Sunday, June 23, 2024

‘1776’ Broadway Actress Brings Racial Discrimination, Retaliation Lawsuit to Play’s Producers

Zuri Washington; Photo:
Zuri Washington; Photo:

*Legal trouble is presenting a new type of drama for the Broadway play “1776.” Legal documents reveal that Zuri Washington, a stage actor who played Robert Livingston, has sued producers of the production for alleged racial discrimination and retaliation. The suit details a string of events that Washington claims led to her termination from “1776.”

The entertainer, best known for her roles in Broadway’s “Bring It On: The Musical” and “Memphis,” was among the women, nonbinary, and transgender people of various races to play the Founding Fathers. Her contract was expected to run from Dec. 5, 2022, through Aug. 13, 2023.

In her lawsuit, Washington mentioned that her poor experience with production first began when her hair plan was dismissed by producers. Washington voiced her issue with production, saying she wanted to wear a wig in “1776” because she was not comfortable performing in her natural hair. The hairstyle production was interested in did not involve a wig … and Washington was allegedly told this information five days before they were set to perform, according to The Messenger.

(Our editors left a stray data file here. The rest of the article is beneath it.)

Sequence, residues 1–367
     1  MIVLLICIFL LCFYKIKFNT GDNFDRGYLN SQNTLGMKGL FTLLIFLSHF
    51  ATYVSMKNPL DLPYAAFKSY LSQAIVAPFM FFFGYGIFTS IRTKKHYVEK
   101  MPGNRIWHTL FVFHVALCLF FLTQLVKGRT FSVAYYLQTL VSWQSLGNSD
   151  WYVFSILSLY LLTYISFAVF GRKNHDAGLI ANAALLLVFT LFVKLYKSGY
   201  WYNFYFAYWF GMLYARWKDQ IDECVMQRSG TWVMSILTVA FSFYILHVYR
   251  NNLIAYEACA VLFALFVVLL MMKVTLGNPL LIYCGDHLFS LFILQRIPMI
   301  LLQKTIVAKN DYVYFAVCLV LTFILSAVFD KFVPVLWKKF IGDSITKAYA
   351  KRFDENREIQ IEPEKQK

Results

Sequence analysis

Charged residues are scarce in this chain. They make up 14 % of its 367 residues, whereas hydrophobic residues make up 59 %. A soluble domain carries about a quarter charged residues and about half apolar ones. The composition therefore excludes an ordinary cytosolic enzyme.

The complaint goes on to reveal similar concerns from other black actors about their hair plans and preference for wearing a wig that was likewise kept in the dark. Further noted in the complaint was production being quick to accommodate white actors by providing them with wigs on demand.

Based on events leading up to the signing of the Declaration of Independence, “1776” centers on the efforts of John Adams to convince his colleagues to vote for the independence of America and sign the Declaration. Since premiering on Broadway in 1969, the critically acclaimed musical was adapted into a film in 1972. the 2022 Bradway revival of “1776” features a cast comprised entirely of people who identify as female, trans, and non-binary.

Although Washington expressed her concerns with Company Manager Katie Cortez, her frustrations were not revealed until a company meeting issues did not manifest until a company meeting discussing COVID-19 protocols at the Forrest Theatre in Philadelphia.

“I am an assertive communicator,” Washington said while voicing what happened during the meeting in an interview with Broadway World. “I know that for some people, especially being a woman, especially being a Black woman, assertive communication can come across aggressively. But from my perspective, I was communicating clearly and assertively. What happened during that meeting is that I ended up cursing, but I cursed a lot. I cursed during this meeting as an emphasis to what I was saying. I said, ‘I don’t give a f— what Equity said.’ And we’re sitting in the house, so the chairs in front of me, I kind of like hit them for emphasis.”

Washington’s agent was called after the meeting by the “1776” general manager Madeline McCluskey. McCluskey was told her client was being “unruly and slamming chairs” at the meeting.